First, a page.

This gets the eyeroll of the week award. Not as bad as when Mahmoud Ahmadinejad insisted that there were no gay people in Iran, but still, it’s up there. There was a six-foot-tall iPhone St. Petersburg, Russia, to honor Steve Jobs, the CEO of Apple who passed away of pancreatic cancer in October 2011. The current CEO of Apple, Tim Cook, came out of the closet last week in the form of an editorial for Bloomberg Businessweek in which he wrote that he is “proud to be gay.”
That was it for the memorial. The touch-screen monument was designed to emit free Wi-Fi in temperatures as low as negative-30 as well as take photos via a built-in camera. After Cook’s announcement, Maksim Dolgopolov, director of West European Financial Union, the Russian company that originally commissioned the memorial, said that it was now “gay propaganda.” In addition the fact that Edward Snowden used Apple products to leak NSA documents in 2013 also played a role in the decision to remove the monument.
Hilariously, Dolgopolov said that he would reinstall the monument if it can be modified to instruct people to use products made by Apple’s competitors.
You can watch workers removing the big black slab here:
On September 20, the National Geographic Channel’s television show Diggers excavated a time capsule that was buried 30 years ago. Jobs was in Colorado attending a International Design Conference in Aspen when he buried the time capsule. The 13-foot-long tube was intended to be unearthed in 2000, but changes in the terrain obscured its exact location — until now.
The time capsule contained a mouse for Apple’s 1983 Lisa computer—widely acknowledged as the first mass consumer product to feature a mouse. In addition to the mouse, the capsule was also found to contain a fascinating jumble of artifacts from the early 1980s: an eight-track recording by the Moody Blues, a Rubik’s Cube, a June 1983 copy of Vogue Magazine, a Sears Roebuck catalog, and a six-pack of Ballantine beer. The beer is thought to have been intended to reward the crew tasked to dig up the capsule.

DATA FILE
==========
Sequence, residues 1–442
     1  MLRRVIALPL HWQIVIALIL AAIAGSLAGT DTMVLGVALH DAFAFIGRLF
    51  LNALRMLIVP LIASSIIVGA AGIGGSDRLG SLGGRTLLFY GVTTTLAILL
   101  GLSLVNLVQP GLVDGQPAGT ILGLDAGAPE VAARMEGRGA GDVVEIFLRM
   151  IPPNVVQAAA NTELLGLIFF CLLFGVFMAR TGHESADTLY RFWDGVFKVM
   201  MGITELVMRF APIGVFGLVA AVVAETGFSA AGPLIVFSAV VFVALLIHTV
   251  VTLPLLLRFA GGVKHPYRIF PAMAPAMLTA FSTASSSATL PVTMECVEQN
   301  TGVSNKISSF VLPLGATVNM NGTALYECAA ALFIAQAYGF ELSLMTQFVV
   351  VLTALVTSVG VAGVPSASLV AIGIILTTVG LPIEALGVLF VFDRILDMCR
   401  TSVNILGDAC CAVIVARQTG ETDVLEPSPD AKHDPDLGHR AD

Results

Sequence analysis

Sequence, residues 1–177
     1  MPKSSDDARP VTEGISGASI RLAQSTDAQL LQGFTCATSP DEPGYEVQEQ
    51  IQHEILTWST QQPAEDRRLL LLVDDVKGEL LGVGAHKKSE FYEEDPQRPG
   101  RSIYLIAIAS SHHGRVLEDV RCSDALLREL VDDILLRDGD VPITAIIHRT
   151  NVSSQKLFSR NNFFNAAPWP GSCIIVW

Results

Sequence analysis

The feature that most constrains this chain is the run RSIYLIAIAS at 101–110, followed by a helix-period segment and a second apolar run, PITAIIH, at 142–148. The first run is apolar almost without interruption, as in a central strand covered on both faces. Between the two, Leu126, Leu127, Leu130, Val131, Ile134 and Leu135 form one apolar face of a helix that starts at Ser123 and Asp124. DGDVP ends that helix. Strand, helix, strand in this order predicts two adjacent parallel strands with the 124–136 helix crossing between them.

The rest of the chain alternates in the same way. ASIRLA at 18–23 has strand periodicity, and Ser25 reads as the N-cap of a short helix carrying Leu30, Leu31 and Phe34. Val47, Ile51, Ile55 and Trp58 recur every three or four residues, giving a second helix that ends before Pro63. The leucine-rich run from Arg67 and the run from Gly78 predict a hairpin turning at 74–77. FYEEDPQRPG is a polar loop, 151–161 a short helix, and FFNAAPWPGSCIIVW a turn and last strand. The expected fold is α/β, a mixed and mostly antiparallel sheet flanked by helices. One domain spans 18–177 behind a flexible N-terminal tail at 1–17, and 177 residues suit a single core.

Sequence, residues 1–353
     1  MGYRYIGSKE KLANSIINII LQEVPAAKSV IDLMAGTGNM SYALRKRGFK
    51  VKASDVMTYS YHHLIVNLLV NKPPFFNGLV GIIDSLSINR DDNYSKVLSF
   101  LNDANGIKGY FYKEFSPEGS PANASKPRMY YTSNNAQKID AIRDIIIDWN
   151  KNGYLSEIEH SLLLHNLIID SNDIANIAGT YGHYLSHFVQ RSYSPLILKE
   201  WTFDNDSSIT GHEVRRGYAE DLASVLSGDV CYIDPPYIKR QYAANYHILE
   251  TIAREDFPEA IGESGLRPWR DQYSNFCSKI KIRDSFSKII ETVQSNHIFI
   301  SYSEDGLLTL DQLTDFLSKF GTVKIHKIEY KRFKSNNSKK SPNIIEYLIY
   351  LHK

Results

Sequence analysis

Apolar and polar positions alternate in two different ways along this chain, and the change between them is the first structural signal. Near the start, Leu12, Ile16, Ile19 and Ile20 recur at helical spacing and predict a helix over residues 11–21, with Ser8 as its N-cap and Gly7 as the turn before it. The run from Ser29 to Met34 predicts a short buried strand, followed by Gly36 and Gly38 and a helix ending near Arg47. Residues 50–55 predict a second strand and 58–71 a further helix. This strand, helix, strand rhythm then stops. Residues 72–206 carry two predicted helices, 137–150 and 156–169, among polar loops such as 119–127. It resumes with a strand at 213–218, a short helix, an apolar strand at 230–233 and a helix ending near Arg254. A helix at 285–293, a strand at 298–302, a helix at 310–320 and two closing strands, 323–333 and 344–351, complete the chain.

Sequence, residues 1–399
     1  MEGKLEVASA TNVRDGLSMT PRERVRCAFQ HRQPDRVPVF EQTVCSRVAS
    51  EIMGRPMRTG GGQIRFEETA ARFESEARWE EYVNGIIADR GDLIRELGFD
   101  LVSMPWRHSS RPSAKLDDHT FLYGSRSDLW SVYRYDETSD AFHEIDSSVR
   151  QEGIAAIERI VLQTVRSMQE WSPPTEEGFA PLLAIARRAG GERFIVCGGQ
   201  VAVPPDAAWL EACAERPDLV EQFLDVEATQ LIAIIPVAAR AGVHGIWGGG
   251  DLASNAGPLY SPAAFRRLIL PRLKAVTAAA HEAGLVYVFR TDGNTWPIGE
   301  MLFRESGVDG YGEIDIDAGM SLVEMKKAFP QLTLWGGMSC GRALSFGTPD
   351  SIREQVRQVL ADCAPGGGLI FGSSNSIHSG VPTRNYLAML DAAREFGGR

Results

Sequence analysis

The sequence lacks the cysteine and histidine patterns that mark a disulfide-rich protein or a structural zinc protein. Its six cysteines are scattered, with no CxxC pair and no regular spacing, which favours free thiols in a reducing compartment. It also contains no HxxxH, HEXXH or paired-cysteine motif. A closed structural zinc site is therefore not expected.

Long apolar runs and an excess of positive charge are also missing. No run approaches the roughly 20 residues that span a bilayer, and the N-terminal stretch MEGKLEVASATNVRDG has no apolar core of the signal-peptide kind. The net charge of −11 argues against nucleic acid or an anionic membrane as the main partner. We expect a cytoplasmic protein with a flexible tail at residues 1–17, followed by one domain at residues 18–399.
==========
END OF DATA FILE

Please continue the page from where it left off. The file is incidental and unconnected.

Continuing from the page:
The contents of the time capsule: What mysteries lie within?
According to Harry Teague, who was on the design team that buried the capsule, “When we buried the capsule in 1983 at the IDCA conference titled ‘The Future Is Not What It Used to Be,’ it was scheduled to be unearthed in twenty years. We had no idea it would be thirty before we would finally get around to digging it up. I’m sure it’s loaded with things of cultural and historic import, but the mouse from one of his new Apple Lisa computers that Steve Jobs threw in at the last minute has to be one of the more iconic items.”
The full contents of the time capsule will be revealed on a future episode of Diggers.
The time capsule before its burial in 1983—is that Steve Jobs?
Here you can hear the presentation given by Steve Jobs at the 1983 International Design Conference in Aspen:
I suppose this could be a well-known fact in certain circles, but until this afternoon, I, myself, was unaware that the late Steve Jobs dated folksinger/activist Joan Baez in the late 70s/early 80s and according to several sources, wanted to marry her. On Joan Baez’s Wikipedia page it says the pair split up when the matter of Baez’s age (she was in her early 40s at the time) meant children would have been unlikely. Think about it: Baez dated Bob Dylan, Steve Jobs, and she knows Thomas Pynchon! She’s still has a Bacon Number of 2 in the “Six Degrees of Kevin Bacon” game. How can this be?
Click here to watch an extraordinary live performance of one of the songs from the Sacco and Vanzetti soundtrack, circa 1979 on YouTube (I can’t embed the clip).
Below, The Ballad of Sacco and Vanzetti, lyrics by Baez from the actual words and letters of Bartolomeo Vanzetti, music written and conducted by Ennio Morricone. This is an absolutely incredible piece of music.
I wasn’t going to say anything. After all so many people are covering his accomplishments. But I thought it would be important to note how Steve Jobs has helped change and create The Residents.
Apple computers had a perspective that regular people should be able to do remarkable things that they would not normally be able to do if assisted by computers. Technicians should not be the exclusive controllers of that world.